THANK you, Neil Mackay for once again hitting the nail on the head regarding the present Scottish Government ("A brutal purge by Sturgeon is the only way to deal with SNP infighting", The Herald, June 3). Without the detail of Mr Mackay, I had reached his conclusion some months ago and for the first time ever did not vote SNP at the recent election. I have been able to vote for more than 50 years.

I sincerely hope that Nicola Sturgeon reads Mr Mackay' s column and does something dramatic as proposed before it is too late and, following Boris Johnson's recent observation that devolution has failed in Scotland, Westminster decides on direct rule. It's been done on a number of occasions in Northern Ireland, so a precedent exists.

Ian Gray, Croftamie.


STEVEN Clark (Letters, June 3) properly criticises the Scottish Government for its ferry contract, given to a private company not up to the job, as it tried to keep manufacturing in Scotland. But where are the attractive political alternatives?

The Tories tossed away more than £100 million for non-existing ferries and have placed an order costing £3.5 billion for tanks which apparently cannot safely travel at speeds above 20mph. Labour purchased for £6-7bn two aircraft carriers that were not required, which we cannot outfit with aircraft or have enough ships to form a protective shield. These are just a tiny fraction of examples of government waste, common to all political parties, and spread out over decades.

We elect people with few particular skills and expect expert governance. There was once a professional civil service to keep an eye on things, but it is being replaced by more malleable “yes men”, more suited to smooth over the misdemeanours of the Westminster political class. Expect to pay more, and receive less, in future.

GR Weir, Ochiltree.


FURTHER to recent letters on the unreliability of wind-generated electricity (May 31 and June 1, 2 & 3), following its plaudits by the policy director of Scottish Renewables, Morag Watson, a point seemingly overlooked is their drain of power when they are static.

Thus, they are actually worse than useless when there is no wind. Each individual windmill and its connective wiring has to be kept live by the electricity generated from the currently-shrinking alternative generators. This to enable them to be brought back into generating service when the wind returns.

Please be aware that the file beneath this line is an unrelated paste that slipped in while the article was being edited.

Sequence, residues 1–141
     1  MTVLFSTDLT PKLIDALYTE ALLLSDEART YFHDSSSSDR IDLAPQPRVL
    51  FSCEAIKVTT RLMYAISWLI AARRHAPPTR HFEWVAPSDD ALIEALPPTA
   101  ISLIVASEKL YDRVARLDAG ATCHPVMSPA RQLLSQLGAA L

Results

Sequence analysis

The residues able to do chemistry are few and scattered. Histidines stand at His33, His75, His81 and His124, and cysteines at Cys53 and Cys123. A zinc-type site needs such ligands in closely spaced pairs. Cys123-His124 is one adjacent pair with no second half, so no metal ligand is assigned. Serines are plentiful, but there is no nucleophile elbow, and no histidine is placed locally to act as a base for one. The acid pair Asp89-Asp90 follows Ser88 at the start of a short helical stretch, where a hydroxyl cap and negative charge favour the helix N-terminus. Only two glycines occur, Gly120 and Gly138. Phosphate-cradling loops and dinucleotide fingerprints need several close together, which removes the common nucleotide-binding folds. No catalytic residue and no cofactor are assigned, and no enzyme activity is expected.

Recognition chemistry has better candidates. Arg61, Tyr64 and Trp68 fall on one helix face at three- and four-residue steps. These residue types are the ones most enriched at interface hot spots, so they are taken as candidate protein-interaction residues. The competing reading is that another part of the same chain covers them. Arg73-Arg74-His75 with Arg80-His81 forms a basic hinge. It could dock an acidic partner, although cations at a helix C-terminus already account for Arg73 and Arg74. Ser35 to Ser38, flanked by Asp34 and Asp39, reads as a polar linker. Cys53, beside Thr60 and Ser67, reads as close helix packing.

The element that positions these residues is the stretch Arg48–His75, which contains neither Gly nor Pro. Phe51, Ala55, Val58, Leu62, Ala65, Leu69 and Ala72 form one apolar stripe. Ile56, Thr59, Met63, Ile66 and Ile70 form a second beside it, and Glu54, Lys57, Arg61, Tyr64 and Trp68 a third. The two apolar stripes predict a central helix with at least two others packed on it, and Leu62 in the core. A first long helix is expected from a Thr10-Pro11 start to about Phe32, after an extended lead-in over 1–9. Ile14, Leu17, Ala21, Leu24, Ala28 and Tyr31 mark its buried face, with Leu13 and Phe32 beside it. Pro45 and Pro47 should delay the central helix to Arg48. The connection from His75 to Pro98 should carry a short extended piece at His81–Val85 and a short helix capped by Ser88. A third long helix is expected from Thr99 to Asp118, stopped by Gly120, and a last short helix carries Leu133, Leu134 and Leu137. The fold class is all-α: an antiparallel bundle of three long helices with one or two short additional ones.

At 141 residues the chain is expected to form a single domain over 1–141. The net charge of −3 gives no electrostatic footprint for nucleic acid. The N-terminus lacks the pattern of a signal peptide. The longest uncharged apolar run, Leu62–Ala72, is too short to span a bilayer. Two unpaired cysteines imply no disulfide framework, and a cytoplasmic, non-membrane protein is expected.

Perhaps this total power demand from the thousands of propellers could be added to information already requested by other correspondents from Ms Watson.

I won't hold my breath.

John Taylor, Dunlop.


JOHN Palfreyman (Letters, June 3) failed to highlight the data required to assess the problems facing the Scottish economy if the wind fails to blow in a power system largely based on wind farm output. The current annual energy demand of 50TWhours of electricity plus 150TWhours of gas will increase to 350TWhours a year after a four-fold increase in output to charge electric vehicles plus replacing gas as a fuel source are implemented.

That is around 1TWhours per day, which requires 40,000 MW of plant to meet the required energy demand. If the wind fails to blow there is no back-up system that can meet such a demand without a massive capital investment in plant that will sit idle for around 95 per cent of the year and, to put the demand into context, the pump store plant at Cruachan only generates a maximum of 400MW for around six hours, hence hundreds of such units would be required to cover the failure of the wind to keep the lights on in Scotland.

Ian Moir, Castle Douglas.


YOUR Letters Pages today (June 3) had some very good contributions. I tend to agree with Elizabeth Mueller on marriage and Stuart Neville on cinemas and both have positive things to say.

However, the important letters are about climate change. Unfortunately no one seems to be putting forward any ideas on the way forward. Scotland and the North of England were in the vanguard of the industrial revolution. Robert Stirling patented his "heat engine" in 1816 but James Watt had improved the steam engine so much in the late 18th century that Stirling's engine was not seen to be needed and was not developed to the extent it deserved.